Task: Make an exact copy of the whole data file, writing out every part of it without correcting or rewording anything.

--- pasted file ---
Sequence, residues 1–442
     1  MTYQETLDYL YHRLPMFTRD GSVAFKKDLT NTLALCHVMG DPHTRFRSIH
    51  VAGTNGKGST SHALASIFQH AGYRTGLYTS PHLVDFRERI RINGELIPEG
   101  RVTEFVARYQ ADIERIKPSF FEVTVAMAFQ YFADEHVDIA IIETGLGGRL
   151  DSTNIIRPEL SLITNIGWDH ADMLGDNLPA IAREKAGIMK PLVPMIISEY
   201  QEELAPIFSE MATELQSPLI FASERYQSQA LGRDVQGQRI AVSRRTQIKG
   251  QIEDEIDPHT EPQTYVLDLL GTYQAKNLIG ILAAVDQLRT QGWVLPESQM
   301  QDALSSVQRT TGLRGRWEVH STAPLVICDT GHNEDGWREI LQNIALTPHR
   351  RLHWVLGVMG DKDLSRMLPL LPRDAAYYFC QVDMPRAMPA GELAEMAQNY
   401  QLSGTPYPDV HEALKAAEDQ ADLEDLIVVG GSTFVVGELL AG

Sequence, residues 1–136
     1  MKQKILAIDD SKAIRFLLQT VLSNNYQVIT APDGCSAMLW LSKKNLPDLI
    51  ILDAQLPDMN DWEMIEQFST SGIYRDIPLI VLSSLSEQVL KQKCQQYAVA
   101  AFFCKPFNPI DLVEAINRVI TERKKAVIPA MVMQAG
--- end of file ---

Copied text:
Sequence, residues 1–442
     1  MTYQETLDYL YHRLPMFTRD GSVAFKKDLT NTLALCHVMG DPHTRFRSIH
    51  VAGTNGKGST SHALASIFQH AGYRTGLYTS PHLVDFRERI RINGELIPEG
   101  RVTEFVARYQ ADIERIKPSF FEVTVAMAFQ YFADEHVDIA IIETGLGGRL
   151  DSTNIIRPEL SLITNIGWDH ADMLGDNLPA IAREKAGIMK PLVPMIISEY
   201  QEELAPIFSE MATELQSPLI FASERYQSQA LGRDVQGQRI AVSRRTQIKG
   251  QIEDEIDPHT EPQTYVLDLL GTYQAKNLIG ILAAVDQLRT QGWVLPESQM
   301  QDALSSVQRT TGLRGRWEVH STAPLVICDT GHNEDGWREI LQNIALTPHR
   351  RLHWVLGVMG DKDLSRMLPL LPRDAAYYFC QVDMPRAMPA GELAEMAQNY
   401  QLSGTPYPDV HEALKAAEDQ ADLEDLIVVG GSTFVVGELL AG

Sequence, residues 1–136
     1  MKQKILAIDD SKAIRFLLQT VLSNNYQVIT APDGCSAMLW LSKKNLPDLI
    51  ILDAQLPDMN DWEMIEQFST SGIYRDIPLI VLSSLSEQVL KQKCQQYAVA
   101  AFFCKPFNPI DLVEAINRVI TERKKAVIPA MVMQAG